By Michael “Kaves” McLeer & Billy Burke
Prestel, 240 pages, $34.95
Just a few decades ago graffiti was despised by many and fought by municipalities. Yet today many graffiti writers are respected artists. Tattoo is the first cousin of graffiti and nearly all tattoo artists are former graffiti writers who turned their art into profit-making businesses. The authors of Skin Graf, M. K. McLeer and B. Burke illustrate this development through the lives and arts of twelve well-known tattoo artists.
“These artists are nouveau historians, cultural anthropologists documenting the dreams and crucial cries of the otherwise unheard, disenfranchised people of the planet.”
The large-format, coffee table-style book was produced on heavy, glossy paper; many photographs are on full-page spreads. Since artwork on the skin doesn’t reproduce like graffiti on a wall, many of the photos appear somewhat washed out. But they illustrate the concept and artwork beautifully. The layout is interesting: the artists tell their life stories over several pages and these are only moderately interesting to read. Within these pages are many small, almost thumbnail-sized photos showing the artists’ life and artwork. These are often too small to see clearly. Then come several pages of the larger close-ups of the artwork; unfortunately without captions it’s not certain whose artwork each one is. These close-ups are often accompanied by a smaller photo of the tattoo subjects.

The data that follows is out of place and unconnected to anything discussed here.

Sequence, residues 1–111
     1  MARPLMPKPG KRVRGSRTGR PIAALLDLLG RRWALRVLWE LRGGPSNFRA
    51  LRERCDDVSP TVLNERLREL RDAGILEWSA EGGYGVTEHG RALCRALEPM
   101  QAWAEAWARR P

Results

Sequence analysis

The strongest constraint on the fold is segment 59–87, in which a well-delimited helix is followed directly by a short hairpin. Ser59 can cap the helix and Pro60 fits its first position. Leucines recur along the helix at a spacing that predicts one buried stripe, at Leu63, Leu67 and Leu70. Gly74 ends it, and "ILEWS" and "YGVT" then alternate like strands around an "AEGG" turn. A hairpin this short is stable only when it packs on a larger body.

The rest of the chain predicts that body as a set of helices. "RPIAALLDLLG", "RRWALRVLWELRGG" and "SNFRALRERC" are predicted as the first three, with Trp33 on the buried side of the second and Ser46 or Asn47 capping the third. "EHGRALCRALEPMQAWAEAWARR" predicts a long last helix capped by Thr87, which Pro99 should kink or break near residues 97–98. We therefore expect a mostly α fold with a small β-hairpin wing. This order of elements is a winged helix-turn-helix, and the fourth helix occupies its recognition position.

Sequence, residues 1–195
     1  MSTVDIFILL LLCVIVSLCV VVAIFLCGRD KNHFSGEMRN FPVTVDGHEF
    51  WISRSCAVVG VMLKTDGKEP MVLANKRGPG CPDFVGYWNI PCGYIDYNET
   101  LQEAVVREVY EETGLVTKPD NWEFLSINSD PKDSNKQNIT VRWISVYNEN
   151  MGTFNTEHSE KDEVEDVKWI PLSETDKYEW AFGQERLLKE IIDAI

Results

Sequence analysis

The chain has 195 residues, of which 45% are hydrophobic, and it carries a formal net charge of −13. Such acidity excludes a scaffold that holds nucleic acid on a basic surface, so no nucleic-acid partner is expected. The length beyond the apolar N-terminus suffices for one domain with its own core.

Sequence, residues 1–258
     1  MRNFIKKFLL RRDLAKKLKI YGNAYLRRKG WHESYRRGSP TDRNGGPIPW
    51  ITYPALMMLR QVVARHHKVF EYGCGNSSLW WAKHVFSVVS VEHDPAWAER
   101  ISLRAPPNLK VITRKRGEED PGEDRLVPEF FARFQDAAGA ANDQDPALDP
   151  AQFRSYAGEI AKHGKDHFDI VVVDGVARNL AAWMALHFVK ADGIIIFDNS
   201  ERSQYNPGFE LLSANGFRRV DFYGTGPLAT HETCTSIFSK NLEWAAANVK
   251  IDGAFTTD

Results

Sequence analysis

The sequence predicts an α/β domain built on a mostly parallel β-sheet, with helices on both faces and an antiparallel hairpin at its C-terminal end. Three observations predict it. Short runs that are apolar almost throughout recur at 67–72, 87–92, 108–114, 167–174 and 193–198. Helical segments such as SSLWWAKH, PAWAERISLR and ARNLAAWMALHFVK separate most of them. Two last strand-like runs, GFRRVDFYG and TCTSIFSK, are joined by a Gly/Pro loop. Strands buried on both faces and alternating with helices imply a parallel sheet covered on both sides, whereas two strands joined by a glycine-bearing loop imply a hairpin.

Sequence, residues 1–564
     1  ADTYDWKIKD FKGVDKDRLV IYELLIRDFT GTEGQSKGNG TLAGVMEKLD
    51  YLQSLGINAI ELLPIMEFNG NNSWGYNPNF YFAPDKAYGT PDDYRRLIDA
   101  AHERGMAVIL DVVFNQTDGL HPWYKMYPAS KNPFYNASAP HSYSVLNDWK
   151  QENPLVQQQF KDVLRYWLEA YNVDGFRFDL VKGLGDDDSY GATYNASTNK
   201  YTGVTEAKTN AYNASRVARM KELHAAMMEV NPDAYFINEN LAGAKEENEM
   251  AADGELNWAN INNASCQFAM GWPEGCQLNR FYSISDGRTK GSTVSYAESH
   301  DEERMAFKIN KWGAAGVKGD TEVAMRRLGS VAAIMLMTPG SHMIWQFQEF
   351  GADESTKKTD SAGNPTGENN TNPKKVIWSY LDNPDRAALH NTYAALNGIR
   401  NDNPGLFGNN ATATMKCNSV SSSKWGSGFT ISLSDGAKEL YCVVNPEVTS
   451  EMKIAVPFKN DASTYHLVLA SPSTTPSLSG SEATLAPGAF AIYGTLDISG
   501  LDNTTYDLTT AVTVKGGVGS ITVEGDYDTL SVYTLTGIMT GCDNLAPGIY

Reviewed by George Erdosh